Shelling of Port Gregory

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Shelling of Port Gregory
Part of the Battle for Australia during World War II
Date 28 January 1943
Location Port Gregory, Western Australia, Australia
 Australia  Empire of Japan
Commanders and leaders
None Empire of Japan Lieutenant Commander Tatenosuke Tosu[1]
Australia Coastwatchers Empire of Japan One submarine (I-165)
Casualties and losses
None None

The shelling of Port Gregory took place on 28 January 1943 during World War II. The attack was conducted by the Japanese submarine I-165 under the command of Lieutenant Commander Tatenosuke Tosu[1] as part of the attempts to divert Allied attention away from the evacuation of Guadalcanal in the Solomon Islands. None of the ten shells fired at Port Gregory caused any damage, and the attack was not noticed by the Allied naval authorities until a radio signal sent by Tosu was intercepted and decoded a week later.


I-165 in 1932

During the Pacific War Japanese submarines occasionally operated off Western Australia.[2] In early 1943 the major Japanese headquarters across the Pacific were directed to use their forces to make small attacks on Allied positions in an attempt to divert attention away from the planned evacuation of Guadalcanal, Operation Ke.[2] In mid-January, the commander of the Japanese Southwest Area Fleet ordered that I-165 be dispatched to attack Allied shipping off north-western Australia.[2] As part of the fleet's contribution to the diversionary operations, I-165 was also directed to bombard a coastal Australian town. It is likely that the busy port town of Geraldton was selected for bombardment.[3] The submarine I-166 was ordered to conduct a similar mission against Cocos Island.[2]

I-165 sailed from Surabaya in the occupied Dutch East Indies on 21 January 1943.[4]

The attack[edit]

On the evening of 27 January I-165 arrived just north of Geraldton. While preparing for the attack, the crew of I-165 observed three aircraft and what Tosu believed was a destroyer in the area. Tosu decided to postpone his bombardment mission, and sailed north. While sailing on the surface the submarine passed within 2 miles of what was identified as a destroyer without being noticed.[4][5]

The following evening I-165 surfaced 4 miles off the village of Port Gregory just after midnight. From a range of 7,000 metres (7,700 yd), she fired about ten 100-mm (3.9-inch) shells from her Type 88 deck gun at a derelict crayfish cannery, which the submarine's crew had mistakenly identified as an ammunition factory. None of the shells caused any damage. Tosu did not attempt to observe the results of his submarine's bombardment, and resumed patrolling off the coast of Western Australia.[4][5]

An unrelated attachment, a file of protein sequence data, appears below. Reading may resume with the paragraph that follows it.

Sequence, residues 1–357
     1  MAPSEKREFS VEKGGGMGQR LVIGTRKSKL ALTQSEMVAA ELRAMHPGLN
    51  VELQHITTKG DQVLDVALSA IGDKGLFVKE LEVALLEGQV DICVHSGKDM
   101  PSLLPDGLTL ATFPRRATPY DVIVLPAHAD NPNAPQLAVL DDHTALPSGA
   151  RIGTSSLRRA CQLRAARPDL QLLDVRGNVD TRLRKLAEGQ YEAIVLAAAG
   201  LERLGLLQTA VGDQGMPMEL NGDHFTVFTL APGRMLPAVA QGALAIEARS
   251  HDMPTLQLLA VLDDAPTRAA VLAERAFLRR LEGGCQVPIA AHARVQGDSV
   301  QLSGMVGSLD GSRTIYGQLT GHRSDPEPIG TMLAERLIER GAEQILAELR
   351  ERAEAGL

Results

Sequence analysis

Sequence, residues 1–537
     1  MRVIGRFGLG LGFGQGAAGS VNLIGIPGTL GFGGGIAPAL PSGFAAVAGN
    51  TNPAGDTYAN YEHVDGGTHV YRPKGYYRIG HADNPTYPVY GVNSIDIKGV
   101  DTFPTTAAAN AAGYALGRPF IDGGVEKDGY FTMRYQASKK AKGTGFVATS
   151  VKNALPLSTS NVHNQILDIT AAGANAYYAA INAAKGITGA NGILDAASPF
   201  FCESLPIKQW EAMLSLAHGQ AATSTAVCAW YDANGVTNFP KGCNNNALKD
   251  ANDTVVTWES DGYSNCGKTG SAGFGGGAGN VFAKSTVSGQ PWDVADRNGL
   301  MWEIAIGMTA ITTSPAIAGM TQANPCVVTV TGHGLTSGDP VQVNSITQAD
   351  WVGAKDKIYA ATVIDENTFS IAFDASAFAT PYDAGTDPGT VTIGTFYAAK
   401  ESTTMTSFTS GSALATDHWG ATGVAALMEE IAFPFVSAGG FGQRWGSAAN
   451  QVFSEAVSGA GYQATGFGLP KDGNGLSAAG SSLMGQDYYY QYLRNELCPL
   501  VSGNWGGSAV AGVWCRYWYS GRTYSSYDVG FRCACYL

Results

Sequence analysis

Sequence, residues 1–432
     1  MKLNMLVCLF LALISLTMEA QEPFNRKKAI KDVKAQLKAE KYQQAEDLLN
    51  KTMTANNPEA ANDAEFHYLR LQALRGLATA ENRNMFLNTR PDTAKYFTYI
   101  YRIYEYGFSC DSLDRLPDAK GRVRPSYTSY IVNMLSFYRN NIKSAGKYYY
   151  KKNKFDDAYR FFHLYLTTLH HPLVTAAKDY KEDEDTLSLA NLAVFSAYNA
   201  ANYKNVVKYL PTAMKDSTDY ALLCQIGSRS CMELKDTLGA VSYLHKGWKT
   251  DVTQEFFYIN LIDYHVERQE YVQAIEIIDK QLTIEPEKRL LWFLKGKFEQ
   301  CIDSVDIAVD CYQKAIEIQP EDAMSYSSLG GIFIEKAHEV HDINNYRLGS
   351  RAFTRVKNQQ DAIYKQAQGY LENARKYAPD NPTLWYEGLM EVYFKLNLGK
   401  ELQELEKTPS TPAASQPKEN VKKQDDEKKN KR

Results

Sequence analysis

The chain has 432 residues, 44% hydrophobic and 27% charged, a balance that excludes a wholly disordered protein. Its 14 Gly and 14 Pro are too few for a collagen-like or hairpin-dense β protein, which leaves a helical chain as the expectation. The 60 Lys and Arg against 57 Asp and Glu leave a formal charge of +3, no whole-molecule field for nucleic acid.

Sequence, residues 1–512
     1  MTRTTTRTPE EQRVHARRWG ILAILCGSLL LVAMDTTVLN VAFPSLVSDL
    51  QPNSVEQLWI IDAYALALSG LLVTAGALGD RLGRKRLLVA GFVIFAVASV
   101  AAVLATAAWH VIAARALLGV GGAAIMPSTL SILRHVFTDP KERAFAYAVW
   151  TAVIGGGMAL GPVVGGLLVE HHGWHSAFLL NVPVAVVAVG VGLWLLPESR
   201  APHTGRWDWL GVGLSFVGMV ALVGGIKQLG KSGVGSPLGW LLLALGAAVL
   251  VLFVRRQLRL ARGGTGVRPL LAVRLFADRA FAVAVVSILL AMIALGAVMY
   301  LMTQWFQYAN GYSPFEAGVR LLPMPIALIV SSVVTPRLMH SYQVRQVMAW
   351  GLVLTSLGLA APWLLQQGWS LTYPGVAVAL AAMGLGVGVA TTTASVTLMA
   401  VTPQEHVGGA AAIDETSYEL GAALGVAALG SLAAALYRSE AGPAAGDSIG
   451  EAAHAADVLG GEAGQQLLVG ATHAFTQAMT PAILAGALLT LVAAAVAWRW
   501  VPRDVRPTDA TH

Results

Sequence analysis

Two Australian coastwatchers stationed near Port Gregory noticed gunfire at night on 28 January, but neither observed any shells landing.[5] Allied naval authorities only learned of the attack when the submarine's battle report radio signal was intercepted and decoded a week later.[1][5] I-165 returned to Surabaya on 16 February without having sunk any Allied ships during her patrol.[4][5]

Australian naval historian David Stevens has noted that "clearly as a diversion operation the bombardment had been an abject failure. Nevertheless, for the Allied navies it provided another graphic example of the poor planning and inadequate doctrine so common in the Japanese submarine force".[5]

The attack on Port Gregory was one of three submarine shellings on Australian towns and cities, the other two being the attacks on Newcastle and Sydney in June 1942.[6]



  1. ^ a b c Kawano, Teruaki (29 May 1991). "Letter from Professor Teruaki Kawano to David Jenkins (Annex A of Submission 130)" (PDF). HMAS Sydney II Commission of Inquiry. Department of Defence. Retrieved 27 March 2016. 
  2. ^ a b c d Stevens 2002, p. 46.
  3. ^ Stevens 2002, pp. 46–47.
  4. ^ a b c d Hackett, Bob; Kingsepp, Sander. "IJN Submarine I-165: Tabular Record of Movement". Combined Fleet. Retrieved 27 March 2016. 
  5. ^ a b c d e f Stevens 2002, p. 47.
  6. ^ Stevens, David M. "Japanese submarine operations against Australia 1942–1944". Australia–Japan Research Project. Australian War Memorial. Retrieved 27 March 2016. 

Works consulted[edit]

  • Stevens, David (2002). "Forgotten assault". Wartime (18): 46–47. ISSN 1328-2727.